Causes of work-related stress may include,
- If there is a bad overall culture in the workplace which leads to people being very anxious or stressed.
- Having too much oversight or guidance, not allowing a person to use judgement and being pushed into too regimented a workplace.
- Having a workload that is too high or which has too tight deadlines causing pressure and stress.
- Not having a sufficient workload.
- Not being properly trained or allowed to have the right experience to carry out job roles or tasks therein. A worker may be concerned with their ability to carry out their job.
- Similarly, if people are promoted above what they think they could do or could cope with, they could also experience work-related stress. This may be the case with a person in a management role.
- Not feeling supported or an overall lack of support at work.
- Worrying about the security of your job and the possibility of either being made redundant or fired.
- Being abused or harassed when in the workplace. This could be by a colleague or manager.
- Weak or poor management could lead to a person suffering stress in the workplace.
- Workplaces that are very uncomfortable. This may be due to a workplace being far too hot or cold.
Later in this article, we shall look at articles of evidence that could help you and your solicitor to make a successful claim. However, below we shall look at two specific areas in which you need proof or evidence in order to make a claim.
Report who is responsible
As soon as possible, you need to make sure that your employer has been notified that the accident took place and that led to your injury. You need to make sure that you accurately and correctly record the accident in the employer’s accident report book and note the party responsible for the accident taking place.
Proof of the injury
You need to have some form of proof that clearly demonstrates that the accident and injury are connected. This may be witness statements, medical evidence or photographs of the accident and injury.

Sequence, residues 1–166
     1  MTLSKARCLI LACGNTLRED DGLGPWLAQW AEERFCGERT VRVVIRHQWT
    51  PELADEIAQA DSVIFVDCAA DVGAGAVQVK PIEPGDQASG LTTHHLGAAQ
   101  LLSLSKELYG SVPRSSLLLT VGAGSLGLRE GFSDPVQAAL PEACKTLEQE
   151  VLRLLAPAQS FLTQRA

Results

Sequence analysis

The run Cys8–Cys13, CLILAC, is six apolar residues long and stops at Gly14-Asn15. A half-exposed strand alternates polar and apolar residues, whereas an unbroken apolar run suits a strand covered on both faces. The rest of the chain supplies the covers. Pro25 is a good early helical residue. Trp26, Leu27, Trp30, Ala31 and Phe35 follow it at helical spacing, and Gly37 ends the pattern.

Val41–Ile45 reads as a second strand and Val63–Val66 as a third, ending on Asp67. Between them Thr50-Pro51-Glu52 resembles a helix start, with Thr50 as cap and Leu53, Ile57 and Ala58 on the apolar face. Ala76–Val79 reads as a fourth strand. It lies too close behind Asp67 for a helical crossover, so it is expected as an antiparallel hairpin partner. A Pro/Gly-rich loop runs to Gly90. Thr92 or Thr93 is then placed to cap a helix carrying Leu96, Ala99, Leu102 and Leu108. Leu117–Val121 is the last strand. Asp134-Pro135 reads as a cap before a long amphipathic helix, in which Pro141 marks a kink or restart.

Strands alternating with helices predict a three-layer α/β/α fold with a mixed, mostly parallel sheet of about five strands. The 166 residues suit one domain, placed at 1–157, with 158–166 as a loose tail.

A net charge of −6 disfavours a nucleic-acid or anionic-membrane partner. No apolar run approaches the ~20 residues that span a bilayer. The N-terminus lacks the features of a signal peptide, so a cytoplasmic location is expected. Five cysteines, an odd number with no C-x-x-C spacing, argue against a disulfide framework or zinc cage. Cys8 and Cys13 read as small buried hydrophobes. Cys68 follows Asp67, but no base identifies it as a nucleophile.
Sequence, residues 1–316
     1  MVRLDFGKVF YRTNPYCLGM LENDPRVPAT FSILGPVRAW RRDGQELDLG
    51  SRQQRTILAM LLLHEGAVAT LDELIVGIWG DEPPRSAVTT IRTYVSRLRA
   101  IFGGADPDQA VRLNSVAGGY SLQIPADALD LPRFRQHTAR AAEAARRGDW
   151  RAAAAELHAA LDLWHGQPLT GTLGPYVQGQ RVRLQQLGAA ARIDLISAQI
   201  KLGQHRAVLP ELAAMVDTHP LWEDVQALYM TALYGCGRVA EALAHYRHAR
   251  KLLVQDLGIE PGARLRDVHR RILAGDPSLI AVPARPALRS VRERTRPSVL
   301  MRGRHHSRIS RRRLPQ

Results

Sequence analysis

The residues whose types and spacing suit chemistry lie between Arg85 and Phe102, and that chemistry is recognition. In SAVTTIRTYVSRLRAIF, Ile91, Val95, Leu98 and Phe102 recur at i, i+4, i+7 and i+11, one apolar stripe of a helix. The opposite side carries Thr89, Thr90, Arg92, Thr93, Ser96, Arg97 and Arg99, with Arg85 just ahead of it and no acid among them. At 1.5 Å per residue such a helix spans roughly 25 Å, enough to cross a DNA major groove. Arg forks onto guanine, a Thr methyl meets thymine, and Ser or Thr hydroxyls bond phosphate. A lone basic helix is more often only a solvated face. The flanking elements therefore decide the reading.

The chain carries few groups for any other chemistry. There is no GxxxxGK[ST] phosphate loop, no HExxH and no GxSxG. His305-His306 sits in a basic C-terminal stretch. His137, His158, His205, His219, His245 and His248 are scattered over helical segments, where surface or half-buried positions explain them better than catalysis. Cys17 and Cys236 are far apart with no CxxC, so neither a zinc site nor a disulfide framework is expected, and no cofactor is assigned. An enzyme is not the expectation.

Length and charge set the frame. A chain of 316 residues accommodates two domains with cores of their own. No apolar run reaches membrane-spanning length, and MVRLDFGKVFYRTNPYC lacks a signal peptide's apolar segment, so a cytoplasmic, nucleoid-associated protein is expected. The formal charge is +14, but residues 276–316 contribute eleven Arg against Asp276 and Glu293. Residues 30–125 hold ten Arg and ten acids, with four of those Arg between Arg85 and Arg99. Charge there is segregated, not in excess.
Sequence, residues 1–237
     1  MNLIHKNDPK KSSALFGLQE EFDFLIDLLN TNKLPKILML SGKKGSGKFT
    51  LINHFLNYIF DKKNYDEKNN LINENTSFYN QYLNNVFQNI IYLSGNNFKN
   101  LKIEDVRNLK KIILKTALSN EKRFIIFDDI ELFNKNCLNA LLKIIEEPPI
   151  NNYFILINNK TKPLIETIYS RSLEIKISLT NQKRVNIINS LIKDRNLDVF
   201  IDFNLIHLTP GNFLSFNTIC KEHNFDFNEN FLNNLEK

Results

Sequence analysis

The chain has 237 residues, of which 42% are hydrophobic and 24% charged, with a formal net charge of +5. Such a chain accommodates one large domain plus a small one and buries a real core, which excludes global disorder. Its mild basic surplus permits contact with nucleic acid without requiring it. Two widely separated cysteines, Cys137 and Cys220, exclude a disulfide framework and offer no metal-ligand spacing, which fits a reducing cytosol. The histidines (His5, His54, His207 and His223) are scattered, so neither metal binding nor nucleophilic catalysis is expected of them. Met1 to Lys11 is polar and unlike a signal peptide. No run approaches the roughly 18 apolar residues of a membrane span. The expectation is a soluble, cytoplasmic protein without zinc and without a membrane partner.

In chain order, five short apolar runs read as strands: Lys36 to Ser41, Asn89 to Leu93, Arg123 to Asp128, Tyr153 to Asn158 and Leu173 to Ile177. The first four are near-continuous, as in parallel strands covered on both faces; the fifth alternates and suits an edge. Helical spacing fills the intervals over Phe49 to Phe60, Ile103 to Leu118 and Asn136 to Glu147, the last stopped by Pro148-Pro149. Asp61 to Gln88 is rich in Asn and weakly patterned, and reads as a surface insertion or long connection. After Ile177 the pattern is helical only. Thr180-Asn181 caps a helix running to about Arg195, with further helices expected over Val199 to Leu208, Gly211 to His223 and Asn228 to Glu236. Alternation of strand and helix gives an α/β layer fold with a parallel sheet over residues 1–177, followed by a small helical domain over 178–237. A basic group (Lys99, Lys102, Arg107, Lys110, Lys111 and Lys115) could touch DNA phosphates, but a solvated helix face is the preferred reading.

In brief, it may be possible for you to sue your employer if another employee acted in a negligent way and caused your accident or injuries. How to sue your employer in the UK for the actions of another employee may be more complex than more common accident at work claims.
Can I sue my employer for negligence in the UK when another employee caused my accident? If you are able to make a claim, it is likely that it could be brought as a claim for vicarious liability. It is more likely that you should sue an employer for negligence caused by another employee as the fellow employee may not have the funds to meet the claim themselves. The employer will have insurance in place from which compensation could be claimed.
To claim under vicarious liability, the employee who is said to have been negligent must have been carrying out their work duties. This means that at the time of the accident, the colleague who was said to be responsible for the accident must have been carrying out their usual work duties in which they acted in a negligent fashion.
Suing an employer for an accident caused by another employee is a more complex area of compensation claim unless dealing with a claim for a workplace assault. Learn more by getting in touch with our team and seeing if you could make a claim.
Now that we have looked at some circumstances in which you could sue an employer to answer the initial question of “can I sue my employer for negligence”, we shall look at how to sue your employer in the UK.
The first thing which we will say is that whilst there is no legal requirement for you to use a personal injury lawyer or accident at work solicitor, if you do not do so, you may not benefit from the advice and legal expertise which they may be able to provide.
Having as much evidence as possible could help to make your personal injury claim more likely to succeed. In addition to gathering evidence, if you have been harmed in the workplace and are looking to sue your employer for stress in the UK or for an injury, there are steps that you need to take. Evidence that you could collect to support your claim may include:
- Photographic evidence of both the scene of the accident and of any injuries which have been caused to you. In instances where you are asking, “can you sue your employer for emotional distress” this may not be applicable.
- Evidence that you reported the accident to your employer, such as copies of reports in your employer’s accident report book.
- Medical evidence may include any notes or reports from a doctor, hospital or paramedic who treated you. You may subsequently be asked to have a medical assessment as part of your claim.
- Evidence reported by witnesses, such as a witness statement from anyone who either saw the accident happen or the circumstances which could/ did lead to the accident happening.